theMALC

Is It Worth Fighting For?

By Lena Varuolo
Published on Mar 31st, 2011

The majority of people look to martial arts as a study of self defense. Although I can't find any hard statistics to back this up, countless hours of discussions with people either in the martial arts or looking to study makes this point quite clear. Since the focus for most is learning to defend themselves, why is it when confronted with a self defense situation people freeze, even after obtaining an intermediate to advanced belt rank in their system?

When I first started studying the martial arts many years ago, I joined several online martial arts news groups. One thing that disturbed me was the numerous accounts of intermediate to upper belt ranks freezing, and ultimately getting injured when confronted with a real-life self defense situation. I kept asking myself how could this happen? They obviously had some training, thus I assume some skill in their art, especially if they obtained a higher rank. Fear motivated me to discover why this happened to them. After all, I was training in the martial arts for self defense and wanted to make sure that it didn't happen to ME if the situation should ever arise.

In my years of research, I discovered various reasons as to why a person may freeze under the stress of a potentially violent act. In the interest of time, I want to discuss one thing that may help you or your students reduce the possibility of freezing; deciding before a situation occurs if it's worth fighting for. Have you ever gone through what you would do when confronted with a violent or potentially violent situation? For example, would you fight if you were mugged? Tied up? Someone broke into your car? Hurts your feelings? Where would you draw the line?

These are not easy questions to answer. And what makes it difficult is there are no right or wrong answers. So why even ask ourselves these questions? First thing I urge you to consider is whenever we engage in violence, no matter how trivial, it has the potential to escalate into a life threatening situation. How many times have you heard about someone who refused to give over their valuables to a mugger and ended up injured, in a hospital, or even lost their life? Was their wallet really worth that?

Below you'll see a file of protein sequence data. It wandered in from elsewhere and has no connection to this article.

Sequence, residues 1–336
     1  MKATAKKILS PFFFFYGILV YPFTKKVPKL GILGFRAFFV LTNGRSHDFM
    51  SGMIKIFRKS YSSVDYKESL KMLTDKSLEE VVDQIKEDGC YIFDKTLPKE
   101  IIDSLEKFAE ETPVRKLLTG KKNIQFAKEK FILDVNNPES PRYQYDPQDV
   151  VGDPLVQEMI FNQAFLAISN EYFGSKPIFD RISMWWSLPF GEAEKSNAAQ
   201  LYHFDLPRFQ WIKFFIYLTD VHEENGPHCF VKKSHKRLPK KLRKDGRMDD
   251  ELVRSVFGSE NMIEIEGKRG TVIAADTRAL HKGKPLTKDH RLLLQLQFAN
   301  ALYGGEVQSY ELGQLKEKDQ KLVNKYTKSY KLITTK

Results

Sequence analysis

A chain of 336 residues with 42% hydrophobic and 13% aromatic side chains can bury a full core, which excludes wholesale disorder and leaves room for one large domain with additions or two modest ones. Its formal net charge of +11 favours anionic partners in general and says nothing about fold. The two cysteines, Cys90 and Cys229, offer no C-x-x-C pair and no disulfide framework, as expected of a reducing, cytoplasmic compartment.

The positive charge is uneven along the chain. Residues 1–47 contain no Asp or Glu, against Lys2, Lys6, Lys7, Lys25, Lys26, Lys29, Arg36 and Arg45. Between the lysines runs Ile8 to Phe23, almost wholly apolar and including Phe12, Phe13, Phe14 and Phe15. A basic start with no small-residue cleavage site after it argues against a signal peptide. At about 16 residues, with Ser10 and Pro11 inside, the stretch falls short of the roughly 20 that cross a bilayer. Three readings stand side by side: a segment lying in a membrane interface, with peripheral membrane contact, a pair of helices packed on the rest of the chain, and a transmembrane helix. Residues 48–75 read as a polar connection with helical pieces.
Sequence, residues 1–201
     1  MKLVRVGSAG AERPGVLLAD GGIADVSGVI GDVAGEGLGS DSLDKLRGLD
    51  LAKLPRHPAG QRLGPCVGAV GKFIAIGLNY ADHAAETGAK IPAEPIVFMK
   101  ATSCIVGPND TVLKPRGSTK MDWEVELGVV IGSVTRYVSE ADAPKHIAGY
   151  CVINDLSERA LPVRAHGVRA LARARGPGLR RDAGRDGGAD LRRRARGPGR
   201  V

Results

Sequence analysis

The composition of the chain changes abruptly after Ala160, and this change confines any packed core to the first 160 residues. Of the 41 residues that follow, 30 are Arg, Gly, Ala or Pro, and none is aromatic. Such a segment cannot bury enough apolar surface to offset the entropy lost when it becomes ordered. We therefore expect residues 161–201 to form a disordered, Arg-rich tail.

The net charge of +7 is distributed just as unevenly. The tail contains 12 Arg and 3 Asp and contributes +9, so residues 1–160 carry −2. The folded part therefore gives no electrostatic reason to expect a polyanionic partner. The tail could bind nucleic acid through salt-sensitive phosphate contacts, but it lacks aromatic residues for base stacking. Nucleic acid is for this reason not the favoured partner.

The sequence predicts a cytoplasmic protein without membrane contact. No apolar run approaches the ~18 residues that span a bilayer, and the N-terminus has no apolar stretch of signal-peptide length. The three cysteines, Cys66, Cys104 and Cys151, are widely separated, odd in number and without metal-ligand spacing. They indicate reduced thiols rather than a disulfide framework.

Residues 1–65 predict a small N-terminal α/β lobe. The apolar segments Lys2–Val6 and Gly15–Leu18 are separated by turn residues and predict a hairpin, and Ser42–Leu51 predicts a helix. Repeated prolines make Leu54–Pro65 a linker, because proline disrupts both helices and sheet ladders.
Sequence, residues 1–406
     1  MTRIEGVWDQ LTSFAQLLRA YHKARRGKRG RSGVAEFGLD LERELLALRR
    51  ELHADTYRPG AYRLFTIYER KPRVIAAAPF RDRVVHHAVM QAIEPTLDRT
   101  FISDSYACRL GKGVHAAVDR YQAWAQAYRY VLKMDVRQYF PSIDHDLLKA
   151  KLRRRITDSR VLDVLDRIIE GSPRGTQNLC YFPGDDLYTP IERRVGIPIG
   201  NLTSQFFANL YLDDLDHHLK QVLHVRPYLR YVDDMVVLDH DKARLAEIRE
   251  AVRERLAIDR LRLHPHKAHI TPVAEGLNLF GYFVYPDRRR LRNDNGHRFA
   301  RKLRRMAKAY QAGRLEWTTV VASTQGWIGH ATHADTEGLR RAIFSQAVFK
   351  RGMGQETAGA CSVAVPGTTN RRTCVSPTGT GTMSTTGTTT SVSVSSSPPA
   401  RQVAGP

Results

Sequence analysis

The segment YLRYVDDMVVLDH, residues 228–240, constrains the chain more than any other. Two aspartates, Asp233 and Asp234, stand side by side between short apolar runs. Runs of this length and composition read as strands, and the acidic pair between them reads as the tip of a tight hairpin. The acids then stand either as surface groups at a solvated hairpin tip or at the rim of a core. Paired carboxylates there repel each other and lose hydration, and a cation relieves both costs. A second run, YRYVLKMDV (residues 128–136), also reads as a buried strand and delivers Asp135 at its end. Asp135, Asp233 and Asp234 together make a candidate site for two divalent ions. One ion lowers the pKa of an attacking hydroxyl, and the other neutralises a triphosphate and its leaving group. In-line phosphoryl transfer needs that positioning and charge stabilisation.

One reason to ask yourself these questions is that it can keep your mental state more practical and less emotional, keeping you from having to decide how far to take it in the heat of the moment. If you've already decided it's not worth fighting if should someone flips you off in traffic, you can draw on that no matter how angry it may make you.

Also when confronted with a situation, if you've already thought about it, it's no longer “new” and you don't think about how to react; you have already decided how you would act, already established your boundaries. This keeps you from having to think about what to do when confronted, saving you valuable time. Knowing how you're going to handle a situation helps diminish the chance of you freezing in the heat of the moment.

One of my limits, I will never allow myself to be taken to a remote location. This comes from the knowledge that when a criminal does this, they are going to take you to a more secluded place to escalate the violence and your chances for escaping lessen greatly. I'd rather fight before being taken to the location and have a chance of survival than face near certain death later.

To practice, mentally and emotionally, for potential conflict: sit down and go through a list of confrontational and potentially violent acts, visualize them, decide how far they might go, decide what you might say, etc., and finally, breathe deeply and let go of the images, knowing you are safe. I find this exercise helpful in preparing yourself if such a situation should arise.


Filed under Techniques and Tutorials

Author Bio :: Lena Varuolo

Lena Varuolo has studied the martial arts for over a decade. She began competing internationally in 2006 at the International Karate Championships in Holland. Lena earned her black belt in Ed Parker's Kenpo in October of 2007. Since then, she has taught seminars in Ireland, as well as Bethany Beach, Delaware. Ms. Varuolo is a member of the Association of Women Martial Arts Instructors and National Women's Martial Arts Federation.

When Lena is not training or teaching, she is the director of Information Technology for the Martial Arts Learning Community.

She is the owner of Eclipse Web Service. As liaison for her business, Lena has taught over a dozen seminars on various types of computer software. Lena holds a degree in music, specializing in classical and jazz trombone and has been performing for 30 years. In addition to her martial arts teaching, Lena teaches both computer skills and trombone privately. Lena believes her music training compliments her martial arts

Lena is also the founder of Defense Awareness and regularly conducts Defense Awareness seminars. She works to empower people - especially women and others targeted for abuse and assault.

Other Articles by Lena Varuolo

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